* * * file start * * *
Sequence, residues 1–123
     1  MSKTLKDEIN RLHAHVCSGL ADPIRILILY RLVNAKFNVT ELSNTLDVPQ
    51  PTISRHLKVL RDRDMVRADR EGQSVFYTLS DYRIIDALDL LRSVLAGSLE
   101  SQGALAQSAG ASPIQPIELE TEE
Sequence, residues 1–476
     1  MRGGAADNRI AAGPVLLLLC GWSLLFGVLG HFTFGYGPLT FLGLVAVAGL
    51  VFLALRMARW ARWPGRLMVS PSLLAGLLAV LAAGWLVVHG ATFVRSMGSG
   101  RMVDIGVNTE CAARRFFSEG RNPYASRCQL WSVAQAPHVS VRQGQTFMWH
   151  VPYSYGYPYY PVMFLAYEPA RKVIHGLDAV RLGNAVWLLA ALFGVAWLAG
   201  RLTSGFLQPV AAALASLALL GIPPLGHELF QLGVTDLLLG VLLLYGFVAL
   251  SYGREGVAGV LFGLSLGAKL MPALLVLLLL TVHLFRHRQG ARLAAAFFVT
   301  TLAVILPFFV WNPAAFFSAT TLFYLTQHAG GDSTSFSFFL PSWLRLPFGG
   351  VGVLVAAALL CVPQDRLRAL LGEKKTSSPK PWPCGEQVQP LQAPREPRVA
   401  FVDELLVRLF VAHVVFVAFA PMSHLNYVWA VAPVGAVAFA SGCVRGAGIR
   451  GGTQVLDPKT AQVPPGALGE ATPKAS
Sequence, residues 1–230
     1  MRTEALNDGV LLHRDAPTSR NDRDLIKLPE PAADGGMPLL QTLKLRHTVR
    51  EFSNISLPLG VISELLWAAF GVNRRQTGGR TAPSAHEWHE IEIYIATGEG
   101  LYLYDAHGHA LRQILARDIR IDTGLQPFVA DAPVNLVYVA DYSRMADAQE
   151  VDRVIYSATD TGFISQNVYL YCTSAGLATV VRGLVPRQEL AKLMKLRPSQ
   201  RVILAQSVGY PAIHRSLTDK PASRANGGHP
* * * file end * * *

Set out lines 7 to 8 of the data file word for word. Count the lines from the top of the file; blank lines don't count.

    51  VFLALRMARW ARWPGRLMVS PSLLAGLLAV LAAGWLVVHG ATFVRSMGSG
   101  RMVDIGVNTE CAARRFFSEG RNPYASRCQL WSVAQAPHVS VRQGQTFMWH